Engineering @Zeta

Buy Now Pay Later: The Real Deal or Just Hype

In our previous blog (BNPL — The Modern Day Credit Card), we compared buy now pay later to traditional credit cards. We compared the two products and spoke about the different types of buy now pay later offered to customers. But, is buy now pay later all it is made out to be or is it just a flash in the pan?

Global Market

Globally, providers such as Klarna, Afterpay, and Affirm have paved the way for the buy now pay later ecosystem. In 2019, buy now pay later had a global market size of US$7.3 billion. Coherent Market Insights, expected it to grow to US$33.6 billion by 2027 at a CAGR of 21.2%.

While Australia and Sweden were the top markets a few years back, the buy now pay later trend has caught on in the UK and the US.

Worldpay suggests that buy now pay later spending in the UK would rise from £9.6 billion in 2020 to £26.4 billion in 2024. According to Fobes, Americans made $20 billion worth of purchases using BNPL programs in 2019 and will spend $24 billion on products and services using a BNPL service in 2020.


Key Metrics


  • Operations in Australia, USA, UK, New Zealand.
  • 7.3 Million users.
  • Major Market: USA
  • Market Cap: $17.7BN


  • Operations in 15 countries.
  • Market Cap: $33BN


  • Operations in USA & CANADA
  • Market Cap: $16.73 Bn

Indian Market

The trends are similar in India. Businesswire expects the buy now pay later payment adoption to grow steadily between 2021 and 2028, recording a CAGR of 24.2%. It expects the gross merchandise value in India to increase from US$ 6.990.5 million in 2020 to US$ 52827.2 million by 2028.

Buy now pay later is offered by multiple companies in India. LazyPay, ZestMoney, and Simpl are few of the pure buy now pay later companies. Other e-commerce companies such as Amazon and Flipkart, wallet providers such as Paytm and Mobikwik, banks such as ICICI and HDFC, and payment gateways such as Razorpay offer this as an option to their customers.


Key Metrics


  • 4 million active users.
  • 2 million transactions per month (December 2020).
  • 250+ merchant base.


  • 6 million registered users in (February 2020).
  • Average transaction: Rs. 12,000/-
  • Tie-up with 15,000+ merchants.

Flipkart PayLater

  • 65 million existing Flipkart users.
  • Active on Flipkart, Myntra and 2Gud.
  • Focuses on customers tier 2 and tier 3 cities.

Paytm Postpaid

  • 7 million users (November 2020).
  • Tie-up with 5 lakh+ merchants.

ICICI PayLater

  • Available only to ICICI Bank customers on ICICI platforms such as Pockets, iMobile App, and their bank website.
  • Default payment option Razorpay buy now pay later customers.

Bajaj Finserv

  • Available all over India.
  • Available in offline and online stores.
  • 8000+ stores online stores
  • 1 lakh+ offline stores in 1900+ cities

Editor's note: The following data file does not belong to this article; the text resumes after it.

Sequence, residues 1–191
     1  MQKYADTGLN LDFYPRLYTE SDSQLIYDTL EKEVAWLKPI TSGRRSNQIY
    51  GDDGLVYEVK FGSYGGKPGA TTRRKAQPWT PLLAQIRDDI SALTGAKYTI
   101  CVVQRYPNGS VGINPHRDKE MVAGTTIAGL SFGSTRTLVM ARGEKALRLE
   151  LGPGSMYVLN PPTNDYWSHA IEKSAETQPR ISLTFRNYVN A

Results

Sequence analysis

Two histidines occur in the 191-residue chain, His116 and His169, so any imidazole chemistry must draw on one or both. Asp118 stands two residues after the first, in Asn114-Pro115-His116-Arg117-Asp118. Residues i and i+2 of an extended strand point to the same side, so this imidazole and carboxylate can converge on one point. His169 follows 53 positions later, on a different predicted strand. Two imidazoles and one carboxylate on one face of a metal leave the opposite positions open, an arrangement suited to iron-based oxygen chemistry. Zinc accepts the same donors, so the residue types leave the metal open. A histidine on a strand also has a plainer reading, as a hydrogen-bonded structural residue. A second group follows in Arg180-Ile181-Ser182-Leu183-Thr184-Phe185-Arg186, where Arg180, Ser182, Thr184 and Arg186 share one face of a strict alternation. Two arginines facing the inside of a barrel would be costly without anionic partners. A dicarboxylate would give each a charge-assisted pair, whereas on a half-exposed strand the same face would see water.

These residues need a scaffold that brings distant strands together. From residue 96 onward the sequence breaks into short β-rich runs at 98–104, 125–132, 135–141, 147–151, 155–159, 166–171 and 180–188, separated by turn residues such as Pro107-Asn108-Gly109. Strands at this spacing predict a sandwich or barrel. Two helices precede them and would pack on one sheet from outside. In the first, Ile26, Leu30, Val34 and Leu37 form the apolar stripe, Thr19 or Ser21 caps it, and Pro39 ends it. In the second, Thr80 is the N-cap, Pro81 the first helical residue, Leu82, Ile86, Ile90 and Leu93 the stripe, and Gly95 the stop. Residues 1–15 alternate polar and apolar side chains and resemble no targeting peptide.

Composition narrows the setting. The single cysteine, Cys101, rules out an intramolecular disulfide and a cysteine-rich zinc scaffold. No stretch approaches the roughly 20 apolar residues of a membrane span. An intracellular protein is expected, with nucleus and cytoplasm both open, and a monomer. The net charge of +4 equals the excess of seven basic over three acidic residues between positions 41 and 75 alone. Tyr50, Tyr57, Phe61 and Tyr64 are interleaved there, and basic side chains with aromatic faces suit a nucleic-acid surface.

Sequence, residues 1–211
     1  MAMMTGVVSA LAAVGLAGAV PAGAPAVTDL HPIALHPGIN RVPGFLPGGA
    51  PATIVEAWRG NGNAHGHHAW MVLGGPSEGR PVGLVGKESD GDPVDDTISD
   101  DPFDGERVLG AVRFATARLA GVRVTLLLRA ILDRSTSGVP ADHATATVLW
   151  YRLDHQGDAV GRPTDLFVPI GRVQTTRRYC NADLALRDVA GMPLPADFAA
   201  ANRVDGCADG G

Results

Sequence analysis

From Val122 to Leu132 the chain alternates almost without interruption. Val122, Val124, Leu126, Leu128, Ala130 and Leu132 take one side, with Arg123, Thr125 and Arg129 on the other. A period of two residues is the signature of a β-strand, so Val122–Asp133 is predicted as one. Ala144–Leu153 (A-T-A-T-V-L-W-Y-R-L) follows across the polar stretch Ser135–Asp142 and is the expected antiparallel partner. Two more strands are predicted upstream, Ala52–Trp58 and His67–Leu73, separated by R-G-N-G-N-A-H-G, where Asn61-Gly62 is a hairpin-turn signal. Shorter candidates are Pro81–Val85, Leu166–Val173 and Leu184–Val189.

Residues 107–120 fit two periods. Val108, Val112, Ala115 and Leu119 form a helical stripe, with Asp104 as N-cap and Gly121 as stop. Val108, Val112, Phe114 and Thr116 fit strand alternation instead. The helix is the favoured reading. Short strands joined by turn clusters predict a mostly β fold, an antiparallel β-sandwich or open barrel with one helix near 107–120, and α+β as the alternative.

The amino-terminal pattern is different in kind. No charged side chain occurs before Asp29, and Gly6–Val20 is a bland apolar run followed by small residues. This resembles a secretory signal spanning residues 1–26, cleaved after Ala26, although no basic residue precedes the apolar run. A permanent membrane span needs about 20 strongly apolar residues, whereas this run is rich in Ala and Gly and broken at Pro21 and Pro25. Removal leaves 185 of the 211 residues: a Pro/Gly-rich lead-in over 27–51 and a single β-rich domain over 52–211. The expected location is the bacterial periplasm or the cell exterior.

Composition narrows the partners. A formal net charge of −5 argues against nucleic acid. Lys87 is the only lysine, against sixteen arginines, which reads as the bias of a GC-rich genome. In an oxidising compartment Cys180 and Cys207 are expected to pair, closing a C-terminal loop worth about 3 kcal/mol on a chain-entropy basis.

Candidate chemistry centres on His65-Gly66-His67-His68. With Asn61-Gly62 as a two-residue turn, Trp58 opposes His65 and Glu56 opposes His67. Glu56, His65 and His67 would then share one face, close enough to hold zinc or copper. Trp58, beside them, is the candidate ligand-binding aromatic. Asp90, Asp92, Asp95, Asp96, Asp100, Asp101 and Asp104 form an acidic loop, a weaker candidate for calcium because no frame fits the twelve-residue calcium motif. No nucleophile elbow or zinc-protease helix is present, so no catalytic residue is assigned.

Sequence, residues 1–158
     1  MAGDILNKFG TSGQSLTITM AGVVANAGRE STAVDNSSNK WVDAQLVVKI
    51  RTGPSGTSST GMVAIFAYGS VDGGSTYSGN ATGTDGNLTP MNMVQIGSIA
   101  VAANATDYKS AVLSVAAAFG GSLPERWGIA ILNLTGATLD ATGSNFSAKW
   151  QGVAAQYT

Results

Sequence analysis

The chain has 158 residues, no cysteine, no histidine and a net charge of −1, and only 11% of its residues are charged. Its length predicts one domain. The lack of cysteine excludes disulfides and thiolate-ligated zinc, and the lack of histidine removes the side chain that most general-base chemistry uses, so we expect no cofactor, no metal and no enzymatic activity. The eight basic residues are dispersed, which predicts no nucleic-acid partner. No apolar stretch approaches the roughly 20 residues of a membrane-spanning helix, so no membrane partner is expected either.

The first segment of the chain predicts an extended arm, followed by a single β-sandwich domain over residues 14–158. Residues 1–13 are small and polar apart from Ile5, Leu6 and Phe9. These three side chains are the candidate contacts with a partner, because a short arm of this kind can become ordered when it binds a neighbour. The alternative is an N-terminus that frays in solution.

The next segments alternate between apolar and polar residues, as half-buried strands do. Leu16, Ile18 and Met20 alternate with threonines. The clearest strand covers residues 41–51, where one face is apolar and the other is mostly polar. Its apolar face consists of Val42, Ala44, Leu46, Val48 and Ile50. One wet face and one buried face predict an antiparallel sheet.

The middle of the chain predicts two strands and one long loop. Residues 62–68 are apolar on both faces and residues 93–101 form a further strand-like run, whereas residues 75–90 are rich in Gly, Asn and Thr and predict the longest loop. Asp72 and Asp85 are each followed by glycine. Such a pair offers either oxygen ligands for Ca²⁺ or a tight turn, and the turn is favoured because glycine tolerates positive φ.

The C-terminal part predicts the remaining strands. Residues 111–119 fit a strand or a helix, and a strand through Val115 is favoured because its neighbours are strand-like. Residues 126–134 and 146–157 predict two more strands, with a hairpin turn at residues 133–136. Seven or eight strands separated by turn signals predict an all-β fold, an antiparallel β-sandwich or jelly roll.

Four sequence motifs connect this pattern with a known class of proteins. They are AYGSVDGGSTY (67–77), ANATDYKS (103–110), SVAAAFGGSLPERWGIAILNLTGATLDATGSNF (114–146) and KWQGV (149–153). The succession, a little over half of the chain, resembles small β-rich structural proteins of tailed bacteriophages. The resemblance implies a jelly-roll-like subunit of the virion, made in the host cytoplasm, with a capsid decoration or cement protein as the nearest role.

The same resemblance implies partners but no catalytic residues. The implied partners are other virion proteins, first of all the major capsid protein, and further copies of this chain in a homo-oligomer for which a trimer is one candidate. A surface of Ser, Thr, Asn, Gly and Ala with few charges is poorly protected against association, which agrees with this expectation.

• Provides buy now pay later via POS machines
  • Has 95% of the offline buy now pay later market share.
  • 30 million users.
  • Tie-up with 1.5 lakh merchants.

Here to Stay

Buy now pay later is an attractive offering from financial institutions. In 2020, buy now pay later accounted for 2.1% of ecommerce transactions worldwide, according to Worldpay. This number is expected to double by 2024.

In India, buy now pay later grew over 30% in 2019. According to a survey conducted by ZestMoney in 2020, 60% of women surveyed said they would use buy now pay later and 51% said they prefer it over credit cards.

Security Principles for Mobile Applications

The challenge when building a secure mobile application is how we balance ease of use with security. Applications that are easy to use are the ones that succeed. However, any compromise on security could have disastrous consequences. Mobile applications that handle payments have more stringent security protocols when compared to utility applications. However, to succeed, it has to be just as easy to use.

These were the topics of discussion at Rootconf’s Data Privacy Conference held in April 2021. The roundtable, moderated by Suman Kar, included Madhusudhan Sambojhu from, Chirayu Desai from Calyx Institute, and Apurva Jaiswal, Engineering Manager at Zeta.

Zeta develops cloud-native mobile-first banking and payment platforms that meet these exact requirements. We aim to move away from lengthy checkout forms and OTP-based payment authorization. Our platform allows merchants to securely accept payments from around the world and allows customers to make these payments with a single swipe.

Let us discuss some of the security principles we follow at Zeta when designing our mobile applications.

Zero-trust Principle

Adopting a zero-trust approach is important when it comes to securing data on applications. Organizations building the application should ensure they have implemented all necessary security measures to protect user data. They should not depend on the application hosts for this.

There are 2 types of data that we need to secure in mobile applications:

  • Data at rest.
  • Data at motion.

All sensitive data should be saved in vault storage and should be accessible with explicit consent from the user.

Since mobile devices are sandboxed from day one, it helps protect application data, stored on the device’s internal storage, from hackers and other applications on the device. Some tools that can be used to secure data are Charles proxy, Wireshark, Firebase, and SonarQube.